My second child KG who is now 4 yrs and 5m old is going to preschool three half days a week. My son KB who is now 6 yrs and 3m old went to a preschool program offered by the city (two hours a day, four days a week) for age three and to a proper preschool for three half days a week when he was age four. He is now in first grade. I think back to what my perspective to preschool is after seeing him go through kindergarten and now first grade and having seen four different kind of preschools between the two children.
I find that at the end of the day, no matter what the reputation of the school is, it finally boils down to the teacher. Where I live, it is pretty hard to find spots in good preschools. And really am still not clear on how to find that perfect preschool. I sometimes wish I could just get early education credits and start a preschool that fits my requirements! Because I still have not come across a preschool that has all that I want. Either the school emphasizes academic learning too much or they do only play and have no emphasis on academic learning.
Parents who are both working have to send their children to day care anyway so it makes sense for them to spend a premium in terms of money and time in finding a really good preschool. If the child is going to be at school during most of his/her waking hours, then it is worth spending a lot of money on preschool. But after my experience with preschools I feel that if one parent is not working and does spend a good amount of quality time with the child, then preschool is necessary only so much. It helps to get used to being away from the parent, to get used to making friends without the parent guiding the process, to get used to authority (although I have a whole lot of thoughts about that part). From my perspective I find three half days a week more than enough. I did not choose that, it so happened that the tiny preschool that KB went to only had three half days open and the school KG now goes to had only one spot available when I applied and that was for three half days.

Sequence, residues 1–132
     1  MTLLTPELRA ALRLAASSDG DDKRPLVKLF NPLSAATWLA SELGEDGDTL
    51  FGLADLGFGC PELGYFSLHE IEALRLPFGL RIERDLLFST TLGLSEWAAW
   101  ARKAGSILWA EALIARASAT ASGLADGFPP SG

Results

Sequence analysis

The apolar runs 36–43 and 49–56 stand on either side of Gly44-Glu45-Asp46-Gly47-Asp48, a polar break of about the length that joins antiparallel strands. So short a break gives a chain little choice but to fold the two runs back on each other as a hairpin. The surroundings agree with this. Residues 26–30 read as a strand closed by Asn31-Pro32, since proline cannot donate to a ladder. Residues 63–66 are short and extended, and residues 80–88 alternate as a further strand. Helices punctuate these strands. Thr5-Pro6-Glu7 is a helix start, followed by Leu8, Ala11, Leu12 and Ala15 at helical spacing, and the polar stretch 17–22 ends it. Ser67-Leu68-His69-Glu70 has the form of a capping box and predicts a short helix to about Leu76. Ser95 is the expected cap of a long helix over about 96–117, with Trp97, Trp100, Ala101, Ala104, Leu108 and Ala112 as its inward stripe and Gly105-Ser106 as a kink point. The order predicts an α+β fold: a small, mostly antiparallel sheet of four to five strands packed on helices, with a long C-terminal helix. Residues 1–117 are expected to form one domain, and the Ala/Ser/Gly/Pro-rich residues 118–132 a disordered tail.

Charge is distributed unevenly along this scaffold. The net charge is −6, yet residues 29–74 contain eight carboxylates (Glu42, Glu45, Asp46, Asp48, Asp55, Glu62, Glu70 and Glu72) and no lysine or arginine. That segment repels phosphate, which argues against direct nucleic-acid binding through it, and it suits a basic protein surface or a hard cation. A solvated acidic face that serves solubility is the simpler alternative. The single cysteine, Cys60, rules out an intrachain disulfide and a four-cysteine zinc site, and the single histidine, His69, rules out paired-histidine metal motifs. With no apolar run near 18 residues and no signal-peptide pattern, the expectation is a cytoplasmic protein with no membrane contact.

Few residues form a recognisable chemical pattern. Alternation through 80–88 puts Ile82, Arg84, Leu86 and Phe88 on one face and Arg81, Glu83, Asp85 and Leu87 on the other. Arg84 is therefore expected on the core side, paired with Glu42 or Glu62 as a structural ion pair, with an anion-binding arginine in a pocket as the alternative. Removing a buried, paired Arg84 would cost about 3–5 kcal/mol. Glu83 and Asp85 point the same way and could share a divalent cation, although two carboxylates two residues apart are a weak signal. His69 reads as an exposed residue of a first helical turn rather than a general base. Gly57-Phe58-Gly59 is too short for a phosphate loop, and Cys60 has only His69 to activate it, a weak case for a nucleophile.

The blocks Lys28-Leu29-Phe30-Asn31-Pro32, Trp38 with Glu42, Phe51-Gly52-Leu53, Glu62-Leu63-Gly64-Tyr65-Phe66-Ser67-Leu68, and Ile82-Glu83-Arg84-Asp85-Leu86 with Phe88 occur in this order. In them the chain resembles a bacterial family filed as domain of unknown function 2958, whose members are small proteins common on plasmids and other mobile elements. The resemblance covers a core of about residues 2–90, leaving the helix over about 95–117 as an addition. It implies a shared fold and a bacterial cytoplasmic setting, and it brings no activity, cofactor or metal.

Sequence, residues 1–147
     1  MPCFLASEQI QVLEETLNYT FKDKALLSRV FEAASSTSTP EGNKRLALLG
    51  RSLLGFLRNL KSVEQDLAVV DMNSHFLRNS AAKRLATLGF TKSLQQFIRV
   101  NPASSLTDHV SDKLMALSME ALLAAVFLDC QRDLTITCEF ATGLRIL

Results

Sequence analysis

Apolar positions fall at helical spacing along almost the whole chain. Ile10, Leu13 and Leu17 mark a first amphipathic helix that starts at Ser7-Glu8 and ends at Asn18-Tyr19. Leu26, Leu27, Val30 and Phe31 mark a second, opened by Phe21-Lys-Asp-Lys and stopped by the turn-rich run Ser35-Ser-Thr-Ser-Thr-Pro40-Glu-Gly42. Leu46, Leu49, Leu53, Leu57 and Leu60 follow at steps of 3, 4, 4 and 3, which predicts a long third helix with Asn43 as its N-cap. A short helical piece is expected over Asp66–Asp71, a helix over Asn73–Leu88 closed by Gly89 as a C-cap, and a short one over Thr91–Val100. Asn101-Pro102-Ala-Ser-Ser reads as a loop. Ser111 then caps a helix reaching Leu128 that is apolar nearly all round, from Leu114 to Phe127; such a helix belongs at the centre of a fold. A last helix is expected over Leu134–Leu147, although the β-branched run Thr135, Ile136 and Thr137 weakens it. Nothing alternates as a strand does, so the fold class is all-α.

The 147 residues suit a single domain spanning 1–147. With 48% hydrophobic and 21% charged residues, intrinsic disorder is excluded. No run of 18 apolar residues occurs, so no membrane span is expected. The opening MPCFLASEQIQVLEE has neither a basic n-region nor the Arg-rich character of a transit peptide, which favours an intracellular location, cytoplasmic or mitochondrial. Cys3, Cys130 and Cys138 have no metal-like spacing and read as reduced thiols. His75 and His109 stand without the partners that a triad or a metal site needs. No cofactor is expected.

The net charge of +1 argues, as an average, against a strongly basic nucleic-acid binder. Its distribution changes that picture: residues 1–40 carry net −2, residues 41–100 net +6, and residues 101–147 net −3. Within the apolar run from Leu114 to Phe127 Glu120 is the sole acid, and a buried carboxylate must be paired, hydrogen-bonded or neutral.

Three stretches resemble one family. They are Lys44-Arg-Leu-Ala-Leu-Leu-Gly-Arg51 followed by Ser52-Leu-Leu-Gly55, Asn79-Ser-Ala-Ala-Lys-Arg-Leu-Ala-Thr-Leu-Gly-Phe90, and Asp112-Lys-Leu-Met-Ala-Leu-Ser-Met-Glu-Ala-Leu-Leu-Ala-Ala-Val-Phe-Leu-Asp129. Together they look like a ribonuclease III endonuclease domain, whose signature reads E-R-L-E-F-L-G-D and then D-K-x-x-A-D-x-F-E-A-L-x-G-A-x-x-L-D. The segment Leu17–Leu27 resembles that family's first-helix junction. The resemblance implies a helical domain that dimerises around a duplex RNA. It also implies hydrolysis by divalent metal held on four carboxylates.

KG went to a play/developmental preschool at age three. Her teacher was a loving, charming and lively teacher. I was really happy with that school for age three. KG's teacher loved children. She would hug them, talk to them and would rarely yell at the kids. Their school had a great play yard and plenty of good play equipment. They read books to them but any ABC's she learned came from her learning at home. No writing ever. I felt there was always some chaos in the room because the children were playing a lot and I somehow felt at age four KG needed a little more focused play or quiet time. It so happened KB changed schools so I decided to change schools for KG also. I love Montessori materials and I like the activities that make children focus and do work quietly. But the problem with Montessori schools in our area is that they are way way too expensive esp considering that I am home with the kids and they don't "need" to spend time at school or day care. Nevertheless, I found a school that was somewhat affordable for four full days (9 to 3). Let's call this school M (for Montessori).